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MWC technically starts today, but that doesn't stop some of the industry's biggest players trying to get a head start on the fun on Sunday. Besides the big launches, there are a couple of pre-show shows for those off-beat things that don't need an auditorium to themselves. This means the preceding Sunday is actually one of the busiest days for big announcements. Here's the pick of the bunch this year, just head to the gallery below.

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Created in Unreal Engine 4

Game development is expensive. It's not a question of the tools costing too much, though -- game engines like Unity and GameMaker Studio offer free versions, and paid versions aren't far out of reach. That's a recent occurrence -- with the last generation of game consoles (Xbox 360, PlayStation 3, Nintendo Wii), the prolific Unreal Engine was both ubiquitous and costly. Its latest iteration, Unreal Engine 4, is widely used, but has taken a sideline to free offerings from the likes of Unity. The engine's maker, Epic Games, isn't sitting idly by and letting the competition take over, though: as of this morning, Unreal Engine 4 is free for all to use.

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Samsung's Galaxy Unpacked 2015 event

Did you sleep in on Sunday, only to realize that you'd missed Samsung's big Galaxy Unpacked event? Relax -- you can still watch the show as if it were fresh. As is its custom, the Korean tech giant has helpfully posted both a replay of the full event and a quick recap. The focus of the presentation is no longer all that surprising (spoiler: it was about the Galaxy S6 and S6 edge), but it's worth checking out if you want to see Samsung explore every nook and cranny of its latest smartphones.

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Tidal Lagoon Power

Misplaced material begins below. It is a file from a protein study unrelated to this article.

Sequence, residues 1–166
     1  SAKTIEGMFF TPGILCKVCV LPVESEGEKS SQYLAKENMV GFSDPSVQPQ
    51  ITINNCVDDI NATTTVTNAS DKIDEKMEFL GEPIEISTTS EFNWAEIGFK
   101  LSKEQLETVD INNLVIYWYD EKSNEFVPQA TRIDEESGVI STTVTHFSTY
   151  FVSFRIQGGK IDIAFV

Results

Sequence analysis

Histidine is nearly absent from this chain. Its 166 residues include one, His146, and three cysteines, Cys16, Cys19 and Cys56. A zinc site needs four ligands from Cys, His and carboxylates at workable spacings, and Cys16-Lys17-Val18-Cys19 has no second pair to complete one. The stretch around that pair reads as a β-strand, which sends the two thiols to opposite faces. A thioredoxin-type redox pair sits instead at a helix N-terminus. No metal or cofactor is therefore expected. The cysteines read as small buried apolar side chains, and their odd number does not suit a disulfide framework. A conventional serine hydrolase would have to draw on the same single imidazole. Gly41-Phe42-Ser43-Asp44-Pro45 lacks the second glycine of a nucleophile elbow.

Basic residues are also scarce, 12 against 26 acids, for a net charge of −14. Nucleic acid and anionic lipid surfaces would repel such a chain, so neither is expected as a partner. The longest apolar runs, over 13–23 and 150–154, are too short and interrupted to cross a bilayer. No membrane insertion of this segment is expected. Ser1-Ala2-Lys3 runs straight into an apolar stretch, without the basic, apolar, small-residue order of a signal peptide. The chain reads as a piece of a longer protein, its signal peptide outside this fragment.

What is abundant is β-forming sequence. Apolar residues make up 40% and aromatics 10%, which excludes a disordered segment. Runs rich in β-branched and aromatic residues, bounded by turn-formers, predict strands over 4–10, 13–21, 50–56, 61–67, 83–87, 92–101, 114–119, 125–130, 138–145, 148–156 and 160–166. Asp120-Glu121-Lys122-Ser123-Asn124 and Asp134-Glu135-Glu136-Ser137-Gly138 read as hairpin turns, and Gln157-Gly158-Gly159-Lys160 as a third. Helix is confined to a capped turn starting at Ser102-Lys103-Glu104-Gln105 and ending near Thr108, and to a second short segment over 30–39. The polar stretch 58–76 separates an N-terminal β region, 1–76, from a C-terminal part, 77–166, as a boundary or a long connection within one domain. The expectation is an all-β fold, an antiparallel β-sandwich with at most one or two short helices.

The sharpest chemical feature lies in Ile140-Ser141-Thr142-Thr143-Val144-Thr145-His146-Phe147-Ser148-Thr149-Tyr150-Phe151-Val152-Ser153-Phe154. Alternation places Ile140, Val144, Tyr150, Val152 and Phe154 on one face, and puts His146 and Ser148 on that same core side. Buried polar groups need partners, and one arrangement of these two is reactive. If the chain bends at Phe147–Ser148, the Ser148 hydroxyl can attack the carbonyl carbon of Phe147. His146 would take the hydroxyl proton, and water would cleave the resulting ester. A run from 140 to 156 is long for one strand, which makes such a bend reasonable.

It's easy to forget that it's possible to generate electricity not by burning coal or splitting atoms but using the power of the sea. However, one company has thought long and hard about the process and is set to change the way Britain generates its green energy. Under new plans, Tidal Lagoon Power hopes to build the world's first lagoon power plants, creating six giant structures -- four of which will be built in Wales, with two in England -- that will harness powerful coastal tides and generate as much as 8 percent of the UK's total power.

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We dig this slim smartphone from China, but it won't be cheap

This wouldn't be the first time that Gionee's released a slim, 5.5mm-thick phone. Following the aptly named Elife S5.5, the Chinese company is back with an LTE refresh model that's confusingly dubbed the Elife S7, which manages to retain the same slimness (read: not 7mm- hick), the standard headphone jack and a lighter weight of just 126.5g, while packing some nice upgrades. First of all, you get a slightly bigger 5.2-inch 1080p AMOLED screen, along with a similar 1.7GHz octa-core MediaTek chipset with 2GB of RAM, but enhanced with 64-bit computing, multi-mode LTE radio plus dual Micro SIM slots. And yes, the phone runs on Android Lollipop with Gionee's customized UI. There's also a more generous 2,750mAh battery -- a notable jump from the S5.5's 2,300 mAh that had us frustrated.